Recently, Maha Prasad Adhikari, governor of Nepal Rastra Bank, the central bank, was seen flashing his mobile phone in front of QR code stickers placed at two different vegetable and fruit markets in Kathmandu. The governor’s point was to draw people’s attention towards QR code-based payments. Several days after visiting those markets, the governor said additional policy arrangements would be made to promote digital transaction, including the use of QR codes. He made this statement during the half-yearly review of the Monetary Policy.
These initiatives and announcements have sent a clear message that the central bank wants to gradually institutionalise digital transaction in the country by promoting QR code-based payments. These are steps in the right direction.
Nepal has long been trying to promote digital transactions to reduce the cost of printing paper money and, most importantly, to build a cashless economy, which not only traces money transfers but helps to curb corruption. Earlier, it did try to encourage consumers to use cards to promote digital payments. But since Nepal did not have its own payment gateway, it had to rely on international companies, like VISA and MasterCard, which impose exorbitant fees on transactions. Also, small businesses, like shops, found it expensive to install point-of-sale terminals.
The central bank now wants to promote QR code-based payments because the technology is inexpensive. All merchants need to have are a smartphone, internet connection, a bank account and a QR code sticker. Once customers scan the QR code using their phones, they will be guided to their digital wallets or online bank accounts and payments are made instantaneously.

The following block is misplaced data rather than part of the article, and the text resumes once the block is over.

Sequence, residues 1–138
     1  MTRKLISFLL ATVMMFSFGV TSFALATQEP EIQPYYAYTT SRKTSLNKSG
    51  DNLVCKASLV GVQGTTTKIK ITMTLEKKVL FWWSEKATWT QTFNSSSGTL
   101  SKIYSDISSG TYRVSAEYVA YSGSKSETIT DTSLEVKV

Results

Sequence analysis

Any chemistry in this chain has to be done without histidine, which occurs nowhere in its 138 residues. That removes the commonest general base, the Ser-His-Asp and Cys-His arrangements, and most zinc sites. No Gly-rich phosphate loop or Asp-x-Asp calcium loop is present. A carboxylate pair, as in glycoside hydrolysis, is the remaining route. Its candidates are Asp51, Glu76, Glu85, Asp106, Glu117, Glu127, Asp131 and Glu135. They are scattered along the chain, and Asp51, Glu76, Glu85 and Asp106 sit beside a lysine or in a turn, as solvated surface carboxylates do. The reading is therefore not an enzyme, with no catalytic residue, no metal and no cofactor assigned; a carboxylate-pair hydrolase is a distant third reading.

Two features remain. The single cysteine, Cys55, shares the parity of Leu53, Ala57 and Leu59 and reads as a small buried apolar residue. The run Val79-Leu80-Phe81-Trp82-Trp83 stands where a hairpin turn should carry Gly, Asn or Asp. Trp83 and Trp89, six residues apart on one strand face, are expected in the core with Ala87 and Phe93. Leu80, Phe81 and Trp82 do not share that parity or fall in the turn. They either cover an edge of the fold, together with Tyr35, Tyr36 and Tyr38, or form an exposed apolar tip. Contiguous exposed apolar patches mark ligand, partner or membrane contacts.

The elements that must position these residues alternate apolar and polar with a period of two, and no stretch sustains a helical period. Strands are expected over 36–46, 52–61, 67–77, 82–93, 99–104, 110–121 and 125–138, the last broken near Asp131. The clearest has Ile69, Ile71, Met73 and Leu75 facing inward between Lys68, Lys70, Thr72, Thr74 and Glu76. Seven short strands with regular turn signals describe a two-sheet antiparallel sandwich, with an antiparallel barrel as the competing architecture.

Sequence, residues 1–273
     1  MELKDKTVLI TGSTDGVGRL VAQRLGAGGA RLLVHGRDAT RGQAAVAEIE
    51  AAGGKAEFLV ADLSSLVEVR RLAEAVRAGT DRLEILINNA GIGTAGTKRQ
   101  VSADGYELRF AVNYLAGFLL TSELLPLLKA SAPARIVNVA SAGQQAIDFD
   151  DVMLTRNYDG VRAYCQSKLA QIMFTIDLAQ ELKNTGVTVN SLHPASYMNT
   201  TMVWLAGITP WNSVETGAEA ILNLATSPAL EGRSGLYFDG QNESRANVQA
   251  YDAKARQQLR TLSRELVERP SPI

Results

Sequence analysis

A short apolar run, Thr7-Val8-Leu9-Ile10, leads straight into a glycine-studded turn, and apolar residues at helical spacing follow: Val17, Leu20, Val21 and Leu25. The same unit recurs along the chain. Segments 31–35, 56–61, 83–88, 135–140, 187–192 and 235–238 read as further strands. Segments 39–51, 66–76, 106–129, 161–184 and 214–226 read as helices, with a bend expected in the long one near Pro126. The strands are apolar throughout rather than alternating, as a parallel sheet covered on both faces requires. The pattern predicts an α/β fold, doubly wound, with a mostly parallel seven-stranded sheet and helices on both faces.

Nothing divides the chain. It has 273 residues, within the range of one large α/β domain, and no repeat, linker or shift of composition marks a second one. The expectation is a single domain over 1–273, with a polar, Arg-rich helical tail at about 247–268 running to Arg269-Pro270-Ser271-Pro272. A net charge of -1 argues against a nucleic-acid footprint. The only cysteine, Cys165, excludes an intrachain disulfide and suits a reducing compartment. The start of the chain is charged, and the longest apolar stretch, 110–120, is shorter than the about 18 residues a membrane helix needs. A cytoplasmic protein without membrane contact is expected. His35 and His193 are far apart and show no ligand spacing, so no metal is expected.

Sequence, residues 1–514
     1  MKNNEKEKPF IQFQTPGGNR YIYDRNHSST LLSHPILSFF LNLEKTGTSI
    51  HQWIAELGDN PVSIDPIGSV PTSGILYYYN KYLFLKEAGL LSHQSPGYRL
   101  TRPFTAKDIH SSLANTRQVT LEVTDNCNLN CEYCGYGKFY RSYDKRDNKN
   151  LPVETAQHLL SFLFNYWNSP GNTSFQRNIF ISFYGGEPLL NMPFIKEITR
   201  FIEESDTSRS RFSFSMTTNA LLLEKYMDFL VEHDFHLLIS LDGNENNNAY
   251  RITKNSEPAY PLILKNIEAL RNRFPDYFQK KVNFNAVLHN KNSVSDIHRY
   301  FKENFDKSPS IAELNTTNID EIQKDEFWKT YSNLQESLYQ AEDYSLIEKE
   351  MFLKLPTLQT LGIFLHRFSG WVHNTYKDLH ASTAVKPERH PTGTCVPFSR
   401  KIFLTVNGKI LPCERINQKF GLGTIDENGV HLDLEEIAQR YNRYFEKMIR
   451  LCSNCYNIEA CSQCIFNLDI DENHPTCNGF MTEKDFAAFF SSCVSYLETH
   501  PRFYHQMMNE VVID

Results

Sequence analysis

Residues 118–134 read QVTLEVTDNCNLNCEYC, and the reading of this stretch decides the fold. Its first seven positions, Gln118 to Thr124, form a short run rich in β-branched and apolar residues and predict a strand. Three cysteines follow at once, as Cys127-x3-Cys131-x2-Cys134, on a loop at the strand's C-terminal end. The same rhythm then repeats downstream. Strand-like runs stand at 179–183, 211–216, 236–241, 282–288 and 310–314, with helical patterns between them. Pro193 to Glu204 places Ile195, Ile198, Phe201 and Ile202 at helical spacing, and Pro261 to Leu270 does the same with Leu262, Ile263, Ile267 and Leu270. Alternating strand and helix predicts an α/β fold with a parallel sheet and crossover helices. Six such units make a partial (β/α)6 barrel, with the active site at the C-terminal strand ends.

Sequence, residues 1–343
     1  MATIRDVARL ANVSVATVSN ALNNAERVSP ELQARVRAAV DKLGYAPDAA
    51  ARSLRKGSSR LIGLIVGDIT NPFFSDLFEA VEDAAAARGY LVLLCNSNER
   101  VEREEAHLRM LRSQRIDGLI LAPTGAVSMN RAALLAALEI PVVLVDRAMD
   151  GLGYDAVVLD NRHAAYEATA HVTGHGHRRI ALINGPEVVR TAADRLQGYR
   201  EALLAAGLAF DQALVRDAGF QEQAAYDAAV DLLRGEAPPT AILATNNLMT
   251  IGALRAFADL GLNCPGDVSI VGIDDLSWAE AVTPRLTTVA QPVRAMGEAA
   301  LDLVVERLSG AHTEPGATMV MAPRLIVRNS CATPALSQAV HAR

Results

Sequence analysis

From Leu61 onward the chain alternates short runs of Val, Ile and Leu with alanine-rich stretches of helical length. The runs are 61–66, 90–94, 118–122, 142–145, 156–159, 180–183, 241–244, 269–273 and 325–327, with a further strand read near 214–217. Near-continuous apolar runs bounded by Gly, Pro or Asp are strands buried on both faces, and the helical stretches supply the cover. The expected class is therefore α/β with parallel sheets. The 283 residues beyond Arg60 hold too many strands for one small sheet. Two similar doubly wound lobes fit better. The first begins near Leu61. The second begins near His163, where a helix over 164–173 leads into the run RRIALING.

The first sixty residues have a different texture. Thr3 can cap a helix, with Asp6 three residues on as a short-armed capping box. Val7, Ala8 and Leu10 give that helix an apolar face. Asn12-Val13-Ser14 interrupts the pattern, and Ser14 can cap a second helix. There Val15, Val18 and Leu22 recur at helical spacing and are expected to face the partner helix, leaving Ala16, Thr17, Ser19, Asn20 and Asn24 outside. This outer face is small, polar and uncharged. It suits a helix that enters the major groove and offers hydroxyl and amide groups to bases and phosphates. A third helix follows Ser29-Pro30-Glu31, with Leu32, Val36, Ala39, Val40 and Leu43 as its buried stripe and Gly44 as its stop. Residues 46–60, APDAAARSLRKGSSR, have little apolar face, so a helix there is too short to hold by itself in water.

It may not be very difficult to promote QR code-based payments in Nepal as mobile phone penetration rate has jumped to 128 percent, while the internet penetration rate has increased to 81.5 percent with mobile broadband penetration rate standing at almost 60 percent. Besides, one need not be tech-savvy to use QR code, as transactions can be completed by simply holding the phone in front of the code.
But there is a caveat. The QR code-based payments may fail to take off if the codes are not interoperable. Currently, most of the QR codes are proprietary, meaning they could only be used via apps developed by the company that designed the code. This compels consumers to download multiple apps to make QR code-based payments. Those who find this practice annoying may not use QR codes at all to make payments.
India is currently dealing with the same problem. But its central bank has already decided to phase out proprietary codes by March 2022. Nepal needs to do the same. It should set a deadline and completely halt the use of proprietary QR codes. To promote QR code-based payments, India has also directed businesses with an annual turnover exceeding INR 5 billion to mandatorily issue invoices to consumers with dynamic QR codes from April 1, 2021. Nepal can also emulate this practice, as it will encourage consumers to rely more on mobile payment service.
China has witnessed rapid growth in mobile payment services because of the widespread use of QR codes. The QR code stickers allow enterprises, especially micro and small, to accept digital payments without spending too much money on hardware such as a point-of-sales terminal. The use of QR codes will also reduce the expenses of banking institutions, as QR code stickers are very cheap to print compared to plastic debit and credit cards.
But caution needs to be practiced while scanning QR codes, especially if the codes redirect users to some other website. Just like hesitating to open an e-mail in the ‘spam’ folder, users should not click on every URL that the codes generate, as those links could guide them to websites containing malware. Once they enter your phone, such malware can cause damage to software and hardware, and, worse, take undue advantage of any software vulnerability leading to theft of personal information.